HC Deb 24 November 1982 vol 32 cc848-9
49. Mr. Hicks

asked the Secretary of State for Foreign and Commonwealth Affairs when he hopes to attend the next Council of Ministers meeting; and what subjects he expects to be discussed.

Mr. Hurd

My right hon. Friend the Secretary of State expects to attend the next Foreign Affairs Council planned for 13 and 14 December. It is too soon after the November Council to forecast the December agenda. The usual monthly statement of forthcoming Community business will be made in due course.

Mr. Hicks

Will my right hon. Friend give an assurance to the House that, should the Fisheries Council fail to reach an agreement with Denmark over a common fisheries policy, the issue will be raised at the next meeting? Does my right hon. Friend agree that an early agreement is essential, not only from the point of view of the fishermen within the Community, but in the wider context of the European Community's development?

Mr. Hurd

My hon. Friend is right. As he knows, nine members of the Community are agreed on a common fisheries policy and only the Danes are resisting. When the Danish Prime Minister was in Britain earlier this week, my right hon. Friend the Prime Minister made it clear to him that we have no further concessions to offer. We hope that the Fisheries Council on 29 November will be able to clear the matter up. If it does not it will have to be discussed again at the European Council summit in December.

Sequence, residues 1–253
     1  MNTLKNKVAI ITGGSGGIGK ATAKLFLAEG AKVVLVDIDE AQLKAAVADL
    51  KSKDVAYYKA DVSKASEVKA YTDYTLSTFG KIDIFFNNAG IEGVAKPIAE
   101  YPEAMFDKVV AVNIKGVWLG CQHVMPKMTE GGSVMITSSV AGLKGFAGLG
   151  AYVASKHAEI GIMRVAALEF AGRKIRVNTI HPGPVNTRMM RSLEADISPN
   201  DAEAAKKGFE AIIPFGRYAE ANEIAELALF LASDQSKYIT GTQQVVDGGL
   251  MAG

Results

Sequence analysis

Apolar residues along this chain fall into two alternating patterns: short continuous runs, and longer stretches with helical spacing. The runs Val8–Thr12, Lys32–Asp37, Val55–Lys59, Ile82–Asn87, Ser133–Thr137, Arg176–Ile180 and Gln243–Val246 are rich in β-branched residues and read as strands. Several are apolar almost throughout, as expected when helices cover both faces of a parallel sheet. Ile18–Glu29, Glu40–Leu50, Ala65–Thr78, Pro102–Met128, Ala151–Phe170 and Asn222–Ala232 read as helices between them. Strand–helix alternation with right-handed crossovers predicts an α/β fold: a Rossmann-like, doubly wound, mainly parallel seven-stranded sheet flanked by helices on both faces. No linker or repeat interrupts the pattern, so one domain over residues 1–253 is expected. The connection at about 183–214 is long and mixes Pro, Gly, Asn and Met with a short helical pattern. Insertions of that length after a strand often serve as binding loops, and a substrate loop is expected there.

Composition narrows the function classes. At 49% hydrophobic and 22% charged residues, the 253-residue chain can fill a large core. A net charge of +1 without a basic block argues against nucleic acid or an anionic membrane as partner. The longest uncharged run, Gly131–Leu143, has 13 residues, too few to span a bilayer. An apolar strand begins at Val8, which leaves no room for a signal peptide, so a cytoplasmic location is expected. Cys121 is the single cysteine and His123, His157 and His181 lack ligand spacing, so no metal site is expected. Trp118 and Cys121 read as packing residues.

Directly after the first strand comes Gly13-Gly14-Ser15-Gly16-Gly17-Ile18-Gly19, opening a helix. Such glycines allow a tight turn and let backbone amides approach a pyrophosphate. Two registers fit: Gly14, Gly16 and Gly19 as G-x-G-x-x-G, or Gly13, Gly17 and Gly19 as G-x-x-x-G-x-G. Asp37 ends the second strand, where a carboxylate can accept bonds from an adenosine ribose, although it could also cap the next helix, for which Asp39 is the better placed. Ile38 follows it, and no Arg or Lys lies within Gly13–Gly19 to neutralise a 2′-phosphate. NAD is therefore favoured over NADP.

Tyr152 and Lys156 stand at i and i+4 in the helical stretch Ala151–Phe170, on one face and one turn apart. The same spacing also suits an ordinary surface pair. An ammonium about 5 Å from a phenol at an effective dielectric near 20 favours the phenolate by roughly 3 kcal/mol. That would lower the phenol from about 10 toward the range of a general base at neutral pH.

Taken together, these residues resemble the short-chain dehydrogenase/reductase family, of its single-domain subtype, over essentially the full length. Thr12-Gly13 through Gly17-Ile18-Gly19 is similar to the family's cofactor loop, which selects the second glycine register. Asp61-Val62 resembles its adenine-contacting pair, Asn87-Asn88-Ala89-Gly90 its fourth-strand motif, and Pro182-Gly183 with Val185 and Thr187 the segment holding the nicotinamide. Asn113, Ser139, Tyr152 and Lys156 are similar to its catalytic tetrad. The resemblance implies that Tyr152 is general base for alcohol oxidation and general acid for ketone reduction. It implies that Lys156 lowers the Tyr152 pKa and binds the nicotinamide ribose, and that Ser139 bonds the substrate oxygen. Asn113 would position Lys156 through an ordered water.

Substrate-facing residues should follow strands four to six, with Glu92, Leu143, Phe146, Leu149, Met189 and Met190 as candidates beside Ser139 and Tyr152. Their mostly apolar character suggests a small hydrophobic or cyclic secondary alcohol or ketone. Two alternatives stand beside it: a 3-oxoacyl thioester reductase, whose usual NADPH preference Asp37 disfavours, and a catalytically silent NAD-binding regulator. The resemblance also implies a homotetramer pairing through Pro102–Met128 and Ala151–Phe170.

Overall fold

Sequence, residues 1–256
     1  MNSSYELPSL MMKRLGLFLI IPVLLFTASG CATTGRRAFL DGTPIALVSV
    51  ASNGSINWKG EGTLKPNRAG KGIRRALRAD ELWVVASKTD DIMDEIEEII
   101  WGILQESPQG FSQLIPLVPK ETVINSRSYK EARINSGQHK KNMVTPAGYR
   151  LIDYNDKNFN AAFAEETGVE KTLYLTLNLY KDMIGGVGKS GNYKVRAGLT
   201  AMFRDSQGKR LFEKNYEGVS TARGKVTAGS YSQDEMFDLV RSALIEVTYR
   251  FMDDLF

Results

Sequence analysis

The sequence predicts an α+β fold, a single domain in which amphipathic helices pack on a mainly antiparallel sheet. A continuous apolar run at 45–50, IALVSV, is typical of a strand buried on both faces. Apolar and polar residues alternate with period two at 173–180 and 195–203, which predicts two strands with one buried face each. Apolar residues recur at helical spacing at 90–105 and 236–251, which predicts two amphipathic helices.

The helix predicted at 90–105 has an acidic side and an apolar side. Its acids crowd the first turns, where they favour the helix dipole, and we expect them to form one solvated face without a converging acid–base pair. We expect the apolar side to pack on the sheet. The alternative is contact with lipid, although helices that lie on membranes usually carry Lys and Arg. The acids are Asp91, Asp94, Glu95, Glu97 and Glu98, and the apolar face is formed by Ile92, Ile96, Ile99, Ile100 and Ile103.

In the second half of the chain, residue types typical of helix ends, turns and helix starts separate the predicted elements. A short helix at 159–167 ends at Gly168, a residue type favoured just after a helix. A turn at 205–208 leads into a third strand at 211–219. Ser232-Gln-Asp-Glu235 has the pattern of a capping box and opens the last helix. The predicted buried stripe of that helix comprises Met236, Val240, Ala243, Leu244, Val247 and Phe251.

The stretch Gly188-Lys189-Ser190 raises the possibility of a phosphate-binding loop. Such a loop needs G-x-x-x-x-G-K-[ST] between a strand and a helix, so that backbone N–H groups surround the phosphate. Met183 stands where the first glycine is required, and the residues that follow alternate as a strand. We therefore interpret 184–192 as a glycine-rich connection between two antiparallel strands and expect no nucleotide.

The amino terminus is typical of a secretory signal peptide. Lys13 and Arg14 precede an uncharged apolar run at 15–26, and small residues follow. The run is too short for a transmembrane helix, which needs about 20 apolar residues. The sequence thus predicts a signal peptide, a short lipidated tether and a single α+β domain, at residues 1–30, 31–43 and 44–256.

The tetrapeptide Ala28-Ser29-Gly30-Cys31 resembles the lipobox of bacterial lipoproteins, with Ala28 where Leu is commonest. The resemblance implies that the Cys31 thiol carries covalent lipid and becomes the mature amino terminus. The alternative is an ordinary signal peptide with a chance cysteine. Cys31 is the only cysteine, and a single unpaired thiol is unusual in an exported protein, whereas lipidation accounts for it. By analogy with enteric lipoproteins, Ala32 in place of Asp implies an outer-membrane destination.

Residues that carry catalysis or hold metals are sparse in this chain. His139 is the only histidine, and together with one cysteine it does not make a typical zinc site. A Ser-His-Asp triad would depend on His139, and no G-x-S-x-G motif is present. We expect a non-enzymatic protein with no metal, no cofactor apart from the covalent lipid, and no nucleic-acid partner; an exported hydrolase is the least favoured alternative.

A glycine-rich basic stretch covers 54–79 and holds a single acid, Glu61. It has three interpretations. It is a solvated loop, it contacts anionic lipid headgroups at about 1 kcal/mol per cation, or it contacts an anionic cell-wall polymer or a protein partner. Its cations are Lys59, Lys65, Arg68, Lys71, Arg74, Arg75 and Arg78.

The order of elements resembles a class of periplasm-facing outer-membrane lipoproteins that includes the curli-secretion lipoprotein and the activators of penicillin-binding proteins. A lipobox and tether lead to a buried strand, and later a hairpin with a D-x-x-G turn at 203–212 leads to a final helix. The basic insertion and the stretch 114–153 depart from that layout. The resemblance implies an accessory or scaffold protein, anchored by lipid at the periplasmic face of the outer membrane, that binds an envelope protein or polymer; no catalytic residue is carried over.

Mr. Jim Spicer

In view of the complete lack of progress towards a settlement in Cyprus, does my right hon. Friend agree that the time may well have come for the Council of Ministers, meeting in political cooperation, to discuss the matter urgently to decide whether there is some way in which the European Community can play a part in reaching a solution?

Mr. Hurd

The time may come, but we do not think that it has come yet. This is in the hands of the United Nations Secretary General and his representative, Mr. Gobbi, who is active in the matter and with whom we are in close touch.

Mr. Hardy

Does the Secretary of State agree that the agricultural arrangements made earlier this year mean that, no matter what postures or policies are adopted by the Community, the share of the budget devoted to agricultural structure and support will prevent the Community from taking any sensible steps? Therefore, can we see the British Government taking them instead?

Mr. Hurd

The hon. Gentleman knows that there is agricultural price fixing every year. It will remain our objective at the forthcoming Council, and at all discussions on such matters, to bring about a reduction in the rate of growth of agricultural spending.